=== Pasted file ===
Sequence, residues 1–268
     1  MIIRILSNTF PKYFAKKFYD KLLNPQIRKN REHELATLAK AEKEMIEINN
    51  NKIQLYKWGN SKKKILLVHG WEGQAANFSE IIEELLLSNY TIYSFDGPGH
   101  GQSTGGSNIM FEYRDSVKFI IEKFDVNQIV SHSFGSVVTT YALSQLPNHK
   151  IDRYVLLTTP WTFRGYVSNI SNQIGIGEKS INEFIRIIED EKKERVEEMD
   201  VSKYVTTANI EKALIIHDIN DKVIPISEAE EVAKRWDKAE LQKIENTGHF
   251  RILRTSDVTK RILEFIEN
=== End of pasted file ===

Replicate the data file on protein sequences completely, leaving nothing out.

Sequence, residues 1–268
     1  MIIRILSNTF PKYFAKKFYD KLLNPQIRKN REHELATLAK AEKEMIEINN
    51  NKIQLYKWGN SKKKILLVHG WEGQAANFSE IIEELLLSNY TIYSFDGPGH
   101  GQSTGGSNIM FEYRDSVKFI IEKFDVNQIV SHSFGSVVTT YALSQLPNHK
   151  IDRYVLLTTP WTFRGYVSNI SNQIGIGEKS INEFIRIIED EKKERVEEMD
   201  VSKYVTTANI EKALIIHDIN DKVIPISEAE EVAKRWDKAE LQKIENTGHF
   251  RILRTSDVTK RILEFIEN